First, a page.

In Shakespeare’s Sonnet 30, he uses a wide variety of poetic devices to help communicate the theme of the poem.
The major theme that I feel the author is trying to convey is one of remembrance, mourning for a lost loved one. One of the more obvious devices used is the Metrical Pattern of the Iambic Pentameter. This is a major staple of the Shakespeare Sonnet, and commonly found in nearly every sonnet that he has written. In this essay we will focus on only two major devices that were used, and how they tie into the overall theme of the poem. The first apparatus that will be discussed is the use of imagery to show the thoughts that are going through the mind of the subject.
The other major device that will be discussed is the use of alliteration at the start of the poem to set the mood of the character. The use of these devices leads this reader to believe that Shakespeare intended a theme of grief to be portrayed.
There are many references in the poem to happenings of the past, and the effect they had on the subject’s mental state. The tone of the poem is very soft, and illustrates feelings of remembrance and the regret caused by these memories. This is shown in many ways, but mainly through images pertaining to death. But the major theme of the poem is grief, and feelings of mourning shown by the subject toward the deceased.
The first major device used in the poem is imagery.
It comes up in many different forms YOST 2 throughout the poem, but it is perhaps the most pertinent in the form of a metaphor. The metaphor compares their memories together to the emptiness that the subject believes will be felt because of the passing of this person. It is a sustained metaphor that begins at the start of the poem, and carries all the way to the 12th line. There are many statements within the metaphor that express the grief that is being felt by the subject. The lines “I summon up remembrance of things past, I sigh the lack of many a thing sought.” (lines two, and three) tell us early in the poem what the subject is currently feeling. The subject is desperately trying to remember things that happened throughout their lives together, but to no avail. It seems that of all the memories that can be summoned, there is only a feeling of regret for things gone wrong.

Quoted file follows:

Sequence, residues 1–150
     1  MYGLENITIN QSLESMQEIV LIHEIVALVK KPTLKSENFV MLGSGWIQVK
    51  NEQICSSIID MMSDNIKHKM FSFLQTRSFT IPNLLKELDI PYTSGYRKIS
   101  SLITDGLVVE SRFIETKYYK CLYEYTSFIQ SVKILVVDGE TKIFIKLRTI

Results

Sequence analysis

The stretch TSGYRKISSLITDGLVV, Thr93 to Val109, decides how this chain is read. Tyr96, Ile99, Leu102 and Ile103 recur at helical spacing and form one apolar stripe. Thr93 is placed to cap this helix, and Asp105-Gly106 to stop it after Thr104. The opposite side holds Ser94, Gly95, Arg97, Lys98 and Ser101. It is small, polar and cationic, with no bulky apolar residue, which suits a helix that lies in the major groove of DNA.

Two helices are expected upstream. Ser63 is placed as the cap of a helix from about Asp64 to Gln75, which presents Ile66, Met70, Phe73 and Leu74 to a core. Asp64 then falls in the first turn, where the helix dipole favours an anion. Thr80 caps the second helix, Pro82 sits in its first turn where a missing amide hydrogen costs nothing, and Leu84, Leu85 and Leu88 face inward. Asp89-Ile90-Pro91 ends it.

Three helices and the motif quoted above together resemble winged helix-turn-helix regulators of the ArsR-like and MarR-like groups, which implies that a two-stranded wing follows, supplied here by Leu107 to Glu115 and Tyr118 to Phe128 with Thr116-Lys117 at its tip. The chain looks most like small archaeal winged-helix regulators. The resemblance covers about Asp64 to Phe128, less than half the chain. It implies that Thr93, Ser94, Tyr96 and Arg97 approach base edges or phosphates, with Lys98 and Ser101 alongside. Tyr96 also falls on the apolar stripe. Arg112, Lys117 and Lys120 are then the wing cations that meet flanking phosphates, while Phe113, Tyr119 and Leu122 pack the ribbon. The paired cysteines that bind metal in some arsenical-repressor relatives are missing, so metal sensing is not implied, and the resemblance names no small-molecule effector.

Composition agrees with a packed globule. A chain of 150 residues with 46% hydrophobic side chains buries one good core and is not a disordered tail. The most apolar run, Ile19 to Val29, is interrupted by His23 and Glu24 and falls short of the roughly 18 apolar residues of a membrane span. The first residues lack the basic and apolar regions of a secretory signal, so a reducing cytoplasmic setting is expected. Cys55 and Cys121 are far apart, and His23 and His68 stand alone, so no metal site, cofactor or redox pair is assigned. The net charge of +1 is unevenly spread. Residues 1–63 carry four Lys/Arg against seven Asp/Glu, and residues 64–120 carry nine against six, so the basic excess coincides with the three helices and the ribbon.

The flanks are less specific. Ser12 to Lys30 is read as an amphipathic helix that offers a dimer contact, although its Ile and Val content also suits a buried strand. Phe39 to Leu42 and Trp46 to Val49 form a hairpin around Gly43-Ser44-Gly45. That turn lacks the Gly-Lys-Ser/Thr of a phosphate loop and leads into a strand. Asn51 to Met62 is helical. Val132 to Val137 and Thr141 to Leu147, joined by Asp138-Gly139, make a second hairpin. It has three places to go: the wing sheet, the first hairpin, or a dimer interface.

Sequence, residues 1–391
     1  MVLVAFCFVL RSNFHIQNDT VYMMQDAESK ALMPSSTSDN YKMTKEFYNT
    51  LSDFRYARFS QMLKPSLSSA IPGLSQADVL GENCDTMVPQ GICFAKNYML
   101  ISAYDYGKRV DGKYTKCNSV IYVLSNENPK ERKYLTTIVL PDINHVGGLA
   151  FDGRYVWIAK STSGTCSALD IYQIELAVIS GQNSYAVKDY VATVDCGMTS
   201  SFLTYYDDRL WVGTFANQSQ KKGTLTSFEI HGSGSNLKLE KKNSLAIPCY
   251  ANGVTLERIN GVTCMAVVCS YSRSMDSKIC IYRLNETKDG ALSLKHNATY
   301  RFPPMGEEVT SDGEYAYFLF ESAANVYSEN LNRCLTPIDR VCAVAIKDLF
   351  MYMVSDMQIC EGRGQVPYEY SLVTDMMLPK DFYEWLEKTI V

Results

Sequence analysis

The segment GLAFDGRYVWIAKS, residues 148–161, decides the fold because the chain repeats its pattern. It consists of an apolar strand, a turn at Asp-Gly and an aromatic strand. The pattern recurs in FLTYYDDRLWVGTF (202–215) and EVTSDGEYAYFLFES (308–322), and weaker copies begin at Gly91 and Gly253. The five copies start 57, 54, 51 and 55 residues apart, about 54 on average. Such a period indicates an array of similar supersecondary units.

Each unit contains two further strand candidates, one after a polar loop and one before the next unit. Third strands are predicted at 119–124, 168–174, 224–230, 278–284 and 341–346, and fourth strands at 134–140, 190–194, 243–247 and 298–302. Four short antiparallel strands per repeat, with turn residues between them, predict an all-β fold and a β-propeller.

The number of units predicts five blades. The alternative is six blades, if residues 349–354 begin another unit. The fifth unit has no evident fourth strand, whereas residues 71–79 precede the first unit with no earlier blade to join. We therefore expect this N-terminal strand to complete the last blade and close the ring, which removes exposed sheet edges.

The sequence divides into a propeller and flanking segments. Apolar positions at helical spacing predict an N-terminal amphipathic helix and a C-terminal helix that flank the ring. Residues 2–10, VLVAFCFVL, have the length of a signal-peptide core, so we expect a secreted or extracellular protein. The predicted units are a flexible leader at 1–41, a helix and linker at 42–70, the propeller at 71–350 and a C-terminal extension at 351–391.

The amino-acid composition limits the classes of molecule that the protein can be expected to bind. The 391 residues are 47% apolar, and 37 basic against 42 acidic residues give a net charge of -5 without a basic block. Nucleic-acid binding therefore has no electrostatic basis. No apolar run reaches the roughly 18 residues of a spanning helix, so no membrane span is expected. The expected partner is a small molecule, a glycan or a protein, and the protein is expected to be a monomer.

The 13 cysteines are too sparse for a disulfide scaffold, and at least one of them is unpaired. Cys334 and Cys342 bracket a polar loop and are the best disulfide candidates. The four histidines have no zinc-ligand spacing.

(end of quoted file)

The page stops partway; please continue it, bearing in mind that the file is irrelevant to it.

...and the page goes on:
This is the major set up line for the metaphor, and is a great example of how the tone of the poem is set. Since this quote takes place so early in the poem, it leads one to believe that the purpose of the line is to let the reader know the main focus of the poem. The theme of grief comes to attention several times during the use of the sustained metaphor. The second time it comes up, is in lines nine, ten, eleven, and twelve “The can I grieve at grievances forgone, And heavily from woe to woe tell o’er The sad account of fore-bemoaned moan, Which I knew pay as if not paid before.” These lines play a large role in portraying the theme of grief. It is showing how the subject is remembering all of the painful things that went on within the time that was spent together by these individuals. It also talks about memories of the things that went unevolved, and how hard it is to cope living with these things haunting the mind of the subject.
YOST 3 The next appliance that was a large piece of the sonnet was the use of alliteration early in the poem, and sets the mood. In the first four lines of the poem, the sound of the letter “s’ is very predominately used. “When to the sessions of sweet silence thought, I summon up remembrance of things past, I sigh the lack of many a thing sought, And with old woes new wail my dear time’s waste” There are many powerful words within those four lines that contain the “s’ sound. They all serve the purpose of helping describe the feelings, and thoughts racing through the head of the poem’s subject. Specifically, the words “summon, remembrance, and past” let on that the subject is thinking back to happenings that occurred prior to this event. This leads us to the theme of remembrance, and how the subject is currently dealing with it. The words ” sigh, sought, and time’s waste” show that the subject does not feel that the time spent was not put to the best possible use. This is a good example of the theme of regret by telling us outright that the subject is not happy with the way the past went.
During the coarse of the poem, Shakespeare used many different examples of poetic devices to communicate his intended themes upon the reader. I feel that these themes were very well represented in many different aspects, by a seasoned veteran of this profession. The uses of imagery and devices of sound seemed to be the choice apparatuses of the author, and were very successful in getting the intended point across. Also, the uses of devices of sound (specifically alliteration) were very effective at illustrating the tone of the poem to the reader.
YOST 4 The sustained metaphor was very effective because it was a solid constant from beginning to end, and emphasized the theme aspect of the poem very well. The metaphor carried from the second line to the twelfth line, and led into the final two lines which summed the poem up nicely. Shakespeare was delightful in capturing the feelings of remembrance and mourning, but did an even more brilliant job of showing one’s ability to move on. It’s strange how the memories of crying makes you laugh, and the memories of laughing cause you to cry.